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Help made a mistake during clinical!!!

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by NoeIssa NoeIssa (Member) Member

NoeIssa specializes in MedSurg/Tele.

2,545 Profile Views; 59 Posts

Hello, Im upset because I made a mistake during clinical. I had two patients in the same room and one patient was NPO and the other was on solid foods. During the day the CNA and the nurse told me to give water to a patient because they had to have a test done so have them drink water, I accidentally gave the water to the NPO patient (who was NPO due to pacreatitis (pain, N&V). We called the doctor and he said its fine because she had been on clear liquid diet a few hours earlier. But I made a mistake because I didn't double check and got confused and gave the water to my other patient. This was my first time having two patients so I was really nervous. I feel so bumbed out like Im not going to be a good nurse. I did learn from this experience to triple check everything and look it up myself etc. Anyone else make mistakes during clinical while in school or when you were in school? Also I was so nervous because my clinical instructor is really strict. Help! How to I regain my confidence and not make these types of mistakes when things get hectic?

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spider11 has 2 years experience and specializes in PCU/CICU.

74 Posts; 2,684 Profile Views

Don't beat yourself up. It was water. No one died. Learn from it and move on.

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RNMeg specializes in NeuroICU/SICU/MICU.

450 Posts; 6,439 Profile Views

One of my classmates was giving an IM injection, and the RN was stabilizing the muscle for her..and she stabbed the RN by accident. If she's still in the program after a mistake like that, I don't think you have anything to worry about :p Learn from it and move on :up:

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FireStarterRN has 15 years experience as a BSN, RN and specializes in LTC, Med/Surg, Peds, ICU, Tele.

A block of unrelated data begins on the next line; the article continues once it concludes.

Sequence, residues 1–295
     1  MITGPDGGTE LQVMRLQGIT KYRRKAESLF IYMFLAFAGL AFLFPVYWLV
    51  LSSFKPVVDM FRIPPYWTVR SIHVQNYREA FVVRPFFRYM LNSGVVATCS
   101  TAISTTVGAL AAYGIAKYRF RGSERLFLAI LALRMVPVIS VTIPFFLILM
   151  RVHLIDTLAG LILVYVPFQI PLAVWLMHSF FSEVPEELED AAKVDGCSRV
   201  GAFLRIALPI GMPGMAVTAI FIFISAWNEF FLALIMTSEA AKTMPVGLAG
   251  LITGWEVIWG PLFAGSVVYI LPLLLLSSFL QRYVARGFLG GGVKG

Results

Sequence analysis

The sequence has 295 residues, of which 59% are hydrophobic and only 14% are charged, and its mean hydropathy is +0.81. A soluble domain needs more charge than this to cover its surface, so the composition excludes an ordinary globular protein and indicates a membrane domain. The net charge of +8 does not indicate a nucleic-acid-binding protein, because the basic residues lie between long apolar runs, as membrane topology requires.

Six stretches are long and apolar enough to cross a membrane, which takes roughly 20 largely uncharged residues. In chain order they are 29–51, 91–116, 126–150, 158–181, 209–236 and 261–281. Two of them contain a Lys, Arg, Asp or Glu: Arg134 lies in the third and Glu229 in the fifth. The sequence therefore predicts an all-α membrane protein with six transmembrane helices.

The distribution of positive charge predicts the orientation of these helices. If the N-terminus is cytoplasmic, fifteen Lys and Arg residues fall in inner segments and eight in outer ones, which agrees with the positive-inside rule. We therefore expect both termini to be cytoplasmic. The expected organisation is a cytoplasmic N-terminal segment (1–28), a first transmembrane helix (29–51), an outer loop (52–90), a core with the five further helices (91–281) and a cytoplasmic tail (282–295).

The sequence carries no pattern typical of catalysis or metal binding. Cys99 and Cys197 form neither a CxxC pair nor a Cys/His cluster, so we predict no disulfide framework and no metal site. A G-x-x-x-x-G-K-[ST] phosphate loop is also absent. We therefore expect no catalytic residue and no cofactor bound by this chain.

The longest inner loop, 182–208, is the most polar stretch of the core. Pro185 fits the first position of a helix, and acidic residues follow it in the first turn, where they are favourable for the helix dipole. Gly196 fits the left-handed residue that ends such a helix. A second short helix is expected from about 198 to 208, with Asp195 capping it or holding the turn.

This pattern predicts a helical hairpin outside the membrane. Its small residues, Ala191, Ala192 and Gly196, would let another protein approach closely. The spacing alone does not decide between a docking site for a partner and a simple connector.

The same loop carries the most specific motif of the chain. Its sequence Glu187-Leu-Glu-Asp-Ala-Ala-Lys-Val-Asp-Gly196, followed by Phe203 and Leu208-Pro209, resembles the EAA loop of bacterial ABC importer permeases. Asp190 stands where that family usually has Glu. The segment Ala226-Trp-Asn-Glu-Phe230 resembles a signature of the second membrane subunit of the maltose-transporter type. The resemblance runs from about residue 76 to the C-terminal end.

3,823 Posts; 24,015 Profile Views

Even seasoned nurses can screw up on NPO occasionally. It's not the end of the world.

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Silverdragon102 has 31 years experience as a BSN and specializes in Medical and general practice now LTC.

6 Followers; 1 Article; 38,818 Posts; 142,705 Profile Views

Mistakes happen, the important thing is to learn from it and move on. Yes it will make you more cautious but I would say that is a good thing. You'll be surprised on how you act when things get busy. I actually remember more the busier I am. When things are quiet I forget more

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6,372 Posts; 34,588 Profile Views

Please make an appointment today to discuss this error with your instructor.

S/he can help you to form a plan of action to prevent future mistakes, as well as advise you on the consequences of your error. You are probably imagining discipline far in excess of what your program will impose, which is making you even more stressed.

Take care.

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Muttlover has 1 years experience.

140 Posts; 4,868 Profile Views

Unfortunately, I just spent 4 days in the hospital for a diverticulitus (sp?) tear. Not pleasant. However, a great way to lose those extra pounds for before the summer:)

Please don't beat yourself up. I was either on a clear, liquid diet, or quite honestly, NPO for 2 of the 4 days.

One thing I couldn't figure out, my water pitcher was refilled a few times. Because I knew what "NPO" means, I didn't drink the water, but what about the patient that drinks away and doesn't know?

It probably happens more than we realize. Good luck - you sound like a caring, sweet person. We ALL get nervous sometimes!

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Sarcolemma specializes in LTC, ICU, ER, Anesthesia.

69 Posts; 2,721 Profile Views

no big deal......giving someone water is fine....... my 2 biggest mistakes:

-hanging/bolusing a whole bottle of integrillin instead of albumin (as a new ICU RN)

-as a student nurse:

during clinicals i was in a room with my preceptor and a doctor - he told me to give "five of cardizem" to a tachy patient. so i gave 5 ml...25mg. Patient was fine, thankfully. i thought i was dead meat though.

the key is to be honest when you make mistakes. don't try to cover it up.

you'll make another mistake in your nursing career. and it will be much worse than giving someone water, i promise.

anyone who says they haven't made a mistake that could have potentially harmed a patient is lying through their teeth, or hasn't been nursing very long. the trick is how you handle it afterwards.

Edited by Sarcolemma

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